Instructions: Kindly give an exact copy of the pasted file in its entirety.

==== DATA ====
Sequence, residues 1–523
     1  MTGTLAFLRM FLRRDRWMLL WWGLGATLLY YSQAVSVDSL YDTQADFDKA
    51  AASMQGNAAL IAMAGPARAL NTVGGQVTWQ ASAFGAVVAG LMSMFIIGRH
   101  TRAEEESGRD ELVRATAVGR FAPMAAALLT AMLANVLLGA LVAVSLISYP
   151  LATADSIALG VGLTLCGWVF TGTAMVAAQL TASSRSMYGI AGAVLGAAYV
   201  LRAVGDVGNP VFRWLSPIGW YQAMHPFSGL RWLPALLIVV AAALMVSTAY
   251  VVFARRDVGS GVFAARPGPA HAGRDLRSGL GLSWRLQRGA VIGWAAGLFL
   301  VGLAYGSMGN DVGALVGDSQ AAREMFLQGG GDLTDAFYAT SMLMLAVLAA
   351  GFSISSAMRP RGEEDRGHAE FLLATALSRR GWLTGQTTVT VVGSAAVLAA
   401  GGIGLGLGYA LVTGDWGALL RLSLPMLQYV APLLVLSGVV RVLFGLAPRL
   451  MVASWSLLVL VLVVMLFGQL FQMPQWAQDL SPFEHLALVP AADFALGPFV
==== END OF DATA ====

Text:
Sequence, residues 1–523
     1  MTGTLAFLRM FLRRDRWMLL WWGLGATLLY YSQAVSVDSL YDTQADFDKA
    51  AASMQGNAAL IAMAGPARAL NTVGGQVTWQ ASAFGAVVAG LMSMFIIGRH
   101  TRAEEESGRD ELVRATAVGR FAPMAAALLT AMLANVLLGA LVAVSLISYP
   151  LATADSIALG VGLTLCGWVF TGTAMVAAQL TASSRSMYGI AGAVLGAAYV
   201  LRAVGDVGNP VFRWLSPIGW YQAMHPFSGL RWLPALLIVV AAALMVSTAY
   251  VVFARRDVGS GVFAARPGPA HAGRDLRSGL GLSWRLQRGA VIGWAAGLFL
   301  VGLAYGSMGN DVGALVGDSQ AAREMFLQGG GDLTDAFYAT SMLMLAVLAA
   351  GFSISSAMRP RGEEDRGHAE FLLATALSRR GWLTGQTTVT VVGSAAVLAA
   401  GGIGLGLGYA LVTGDWGALL RLSLPMLQYV APLLVLSGVV RVLFGLAPRL
   451  MVASWSLLVL VLVVMLFGQL FQMPQWAQDL SPFEHLALVP AADFALGPFV